Cancer versus Nutraceuticals

S. Gowtham Kumar (Editor)
Faculty of Allied Health Sciences, Chettinad Hospital and Research Institute, Chettinad University (A Grade-NAAC), India

V. K. Langeswaran (Editor)
Alagappa University, Karaikudi Tamil Nadu, India

Series: Cancer Etiology, Diagnosis and Treatments
BISAC: HEA039030



Volume 10

Issue 1

Volume 2

Volume 3

Special issue: Resilience in breaking the cycle of children’s environmental health disparities
Edited by I Leslie Rubin, Robert J Geller, Abby Mutic, Benjamin A Gitterman, Nathan Mutic, Wayne Garfinkel, Claire D Coles, Kurt Martinuzzi, and Joav Merrick


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Chemoprevention is the use of tiny molecules that include nutritional substances or herbal products to avoid cancers. They are different from chemotherapeutics, where synthetic chemicals are used to eliminate or improve cancer progression. Numerous clinical trials have established the efficiency of using raloxifene and tamoxifen (both are estrogen receptor antagonists), and fenretinide, an artificial retinoid that aids in the defense against mammary cancer. Nutraceuticals, which are generally photochemicals obtained from nutritional or medicinal plants sources like garlic, cauliflower, soya bean, ginger, honey and tea may have chemopreventive properties, which have already been reported through numerous research studies. The genesis of a tumor is a frequently deliberate progression, and the threat of developing cancer increases with age. Changing a diet that includes the intake of useful photochemicals could manipulate the balance and accessibility of dietary chemopreventive agents. This imposes further consideration as to how photochemicals could potentially maintain healthy cells. Providentially, there is an excess of plant-based photochemicals even though a small number of of them are well characterized for their use in cancer chemoprevention. Several original approaches to cancer prevention are being studied, some of which are showing a considerable guarantee of saving lives in a cost-effective manner. This reference book consists of eight chapters with different approaches and aspects to cancer prevention. This could be a book of choice for students enrolled in undergraduate & postgraduate medicine, allied health science students as well as for students with futures within India’s healthcare system. (Imprint: Nova)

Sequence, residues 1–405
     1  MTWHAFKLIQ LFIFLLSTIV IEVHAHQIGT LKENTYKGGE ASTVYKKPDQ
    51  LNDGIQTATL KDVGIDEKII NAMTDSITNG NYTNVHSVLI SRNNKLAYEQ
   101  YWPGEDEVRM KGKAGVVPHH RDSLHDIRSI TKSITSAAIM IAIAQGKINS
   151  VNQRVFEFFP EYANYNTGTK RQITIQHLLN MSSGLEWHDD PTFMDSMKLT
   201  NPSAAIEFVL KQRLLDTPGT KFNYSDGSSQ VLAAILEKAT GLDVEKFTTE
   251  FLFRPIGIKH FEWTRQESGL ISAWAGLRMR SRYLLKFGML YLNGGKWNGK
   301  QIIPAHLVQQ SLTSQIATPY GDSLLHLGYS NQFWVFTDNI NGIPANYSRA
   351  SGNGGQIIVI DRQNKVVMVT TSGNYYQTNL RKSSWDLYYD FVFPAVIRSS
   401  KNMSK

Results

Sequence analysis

Chapter 1. Nutraceutical Therapeutics against Cancer (pp. 1-42)
V. K. Langeswaran

Chapter 2. The Role of Nutraceuticals in Cancer Prevention (pp. 43-64)
S. Perumal

Chapter 3. Cancers and Curcumin as a Nutraceutical Remedy (pp. 65-96)
Solai Priya

Chapter 4. The Role of Medicinal Plants in the Treatment of Cancer (pp. 97-128)
S. Anbalagan, M. Sankareswaran, Ashok Gnanasekaran, Kanthesh M. Basalingappa, Rajasekar Varatharajan and Karthikeyan Murugesan

Chapter 5. The Role of Monoterpenes in Cancer: A Natural Chemotherapy (pp. 129-158)
A. Madankumar

Chapter 6. The Role of Nano-Nutraceuticals in Treatment of Cancer (pp. 159-184)
S. Weslen Vedakumari, S.Gowtham Kumar and R. Senthil

Chapter 7. The Preventive Role of Nutraceuticals against Cancer (pp. 185-204)
T.R. Bharath Prasad and M.P. Sridhar

Chapter 8. Molecular Targets for Nutraceuticals in Cancer Progression (pp. 205-228)
S. Gowtham Kumar, S. Solai Priya, and Sindhu Varghese

About the Editor (pp. 229-230)

Index (pp. 231)

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